In the early 1800s, portions of upstate New York were known as the “Burned-Over District” because so many new religions were springing up with the passion and intensity of an unconstrained wildfire. By the mid-1800s, the practice of spiritualism—which initially gained popularity in upstate New York—became popular nationwide. Practitioners of spiritualism believed that the spirit exists and continues to thrive long after one’s physical body has ceased to function.
In 1875, prominent spiritualist George Colby was instructed by a spirit guide during a seance to found a spiritualist camp in rural Florida. Colby’s camp—known as Southern Cassadaga Spiritualist Camp—continues to thrive to this day. Cassadaga is home to mediums who claim to have the ability to contact dearly departed loved ones, tarot readers who will offer insight into future or current events, and a haunted bed and breakfast which is rumored to be home to numerous spirits.
Cassadaga also features a haunted museum full of nightmarish dolls, a graveyard where local legend says that the devil makes frequent appearances, and authentic spiritualist church services which are open to any person who is interested in learning more about the nuances of communication between the living and the dead. There is also a fairy garden dedicated to nature spirits, and several curious energy vortexes which defy explanation.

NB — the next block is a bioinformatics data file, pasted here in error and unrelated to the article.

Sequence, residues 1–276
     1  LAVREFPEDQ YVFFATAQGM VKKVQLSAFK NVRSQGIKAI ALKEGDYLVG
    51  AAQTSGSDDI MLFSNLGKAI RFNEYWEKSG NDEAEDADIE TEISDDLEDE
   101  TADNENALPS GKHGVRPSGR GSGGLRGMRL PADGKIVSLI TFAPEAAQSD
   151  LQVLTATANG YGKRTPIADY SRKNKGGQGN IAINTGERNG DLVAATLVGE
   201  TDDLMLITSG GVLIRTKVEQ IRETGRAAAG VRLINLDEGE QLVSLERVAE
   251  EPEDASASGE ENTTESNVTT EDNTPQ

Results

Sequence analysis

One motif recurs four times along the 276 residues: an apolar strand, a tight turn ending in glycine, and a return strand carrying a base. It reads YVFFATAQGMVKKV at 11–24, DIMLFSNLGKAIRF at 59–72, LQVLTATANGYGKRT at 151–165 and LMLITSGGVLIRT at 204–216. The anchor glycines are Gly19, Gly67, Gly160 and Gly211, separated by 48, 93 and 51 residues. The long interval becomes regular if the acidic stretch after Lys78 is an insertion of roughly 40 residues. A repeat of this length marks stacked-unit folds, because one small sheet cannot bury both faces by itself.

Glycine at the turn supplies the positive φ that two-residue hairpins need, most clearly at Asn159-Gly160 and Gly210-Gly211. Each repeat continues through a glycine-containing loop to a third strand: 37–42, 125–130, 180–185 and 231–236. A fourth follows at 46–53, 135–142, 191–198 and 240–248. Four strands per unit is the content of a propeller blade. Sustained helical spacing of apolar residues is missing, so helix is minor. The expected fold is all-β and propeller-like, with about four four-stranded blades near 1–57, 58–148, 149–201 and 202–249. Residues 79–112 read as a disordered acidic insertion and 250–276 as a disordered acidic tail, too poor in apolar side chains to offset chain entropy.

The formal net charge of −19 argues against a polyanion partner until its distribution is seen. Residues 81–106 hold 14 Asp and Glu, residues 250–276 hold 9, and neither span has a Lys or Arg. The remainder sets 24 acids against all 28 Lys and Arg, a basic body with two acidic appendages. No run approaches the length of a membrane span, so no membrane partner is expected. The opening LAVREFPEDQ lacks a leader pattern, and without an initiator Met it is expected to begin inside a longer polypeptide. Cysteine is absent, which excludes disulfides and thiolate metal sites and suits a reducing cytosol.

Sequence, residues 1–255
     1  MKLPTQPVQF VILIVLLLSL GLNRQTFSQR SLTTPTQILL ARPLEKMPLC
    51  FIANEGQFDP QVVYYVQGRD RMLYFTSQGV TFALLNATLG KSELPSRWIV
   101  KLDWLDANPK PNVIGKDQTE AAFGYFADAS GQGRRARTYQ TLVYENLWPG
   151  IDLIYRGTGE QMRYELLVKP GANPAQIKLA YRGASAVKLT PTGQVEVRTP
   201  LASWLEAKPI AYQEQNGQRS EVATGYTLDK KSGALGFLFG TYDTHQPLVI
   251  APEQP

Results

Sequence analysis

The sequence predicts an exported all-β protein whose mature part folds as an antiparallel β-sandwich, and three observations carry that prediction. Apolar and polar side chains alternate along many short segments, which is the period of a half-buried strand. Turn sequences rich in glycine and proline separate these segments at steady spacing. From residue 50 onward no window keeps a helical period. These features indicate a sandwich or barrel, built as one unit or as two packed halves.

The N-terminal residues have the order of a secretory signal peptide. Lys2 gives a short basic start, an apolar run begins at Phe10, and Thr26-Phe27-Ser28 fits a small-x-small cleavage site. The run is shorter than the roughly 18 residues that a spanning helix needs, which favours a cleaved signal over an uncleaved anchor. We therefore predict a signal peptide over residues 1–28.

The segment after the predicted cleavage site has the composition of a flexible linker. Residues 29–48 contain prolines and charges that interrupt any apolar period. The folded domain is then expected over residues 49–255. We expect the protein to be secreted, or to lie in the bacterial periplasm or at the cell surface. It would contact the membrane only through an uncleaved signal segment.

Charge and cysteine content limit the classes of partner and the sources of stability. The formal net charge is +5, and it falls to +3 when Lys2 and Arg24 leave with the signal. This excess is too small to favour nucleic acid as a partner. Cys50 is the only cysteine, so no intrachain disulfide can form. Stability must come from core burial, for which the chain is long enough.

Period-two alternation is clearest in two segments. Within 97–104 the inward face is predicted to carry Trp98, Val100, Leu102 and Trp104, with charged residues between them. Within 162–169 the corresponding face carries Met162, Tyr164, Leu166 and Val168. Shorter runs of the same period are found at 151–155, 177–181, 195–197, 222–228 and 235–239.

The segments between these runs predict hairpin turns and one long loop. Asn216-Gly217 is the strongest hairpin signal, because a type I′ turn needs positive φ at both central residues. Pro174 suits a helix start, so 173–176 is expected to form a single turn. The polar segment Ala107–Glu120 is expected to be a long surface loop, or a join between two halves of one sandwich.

Even the staunchest skeptics can’t deny that the Southern Cassadaga Spiritualist Camp is a hotbed of psychic and spiritual activity. Please be respectful if you do decide to pay the mediums of Cassadaga a visit. The history of spiritualism features many tales of skeptics who were made into believers after they connected with the right medium. Cassadaga is home to a bookstore and library for those who are curious to learn more about a belief system which fully embraces logic and science, in addition to the unknown and unexplainable.
Lake Helen, Florida, 32744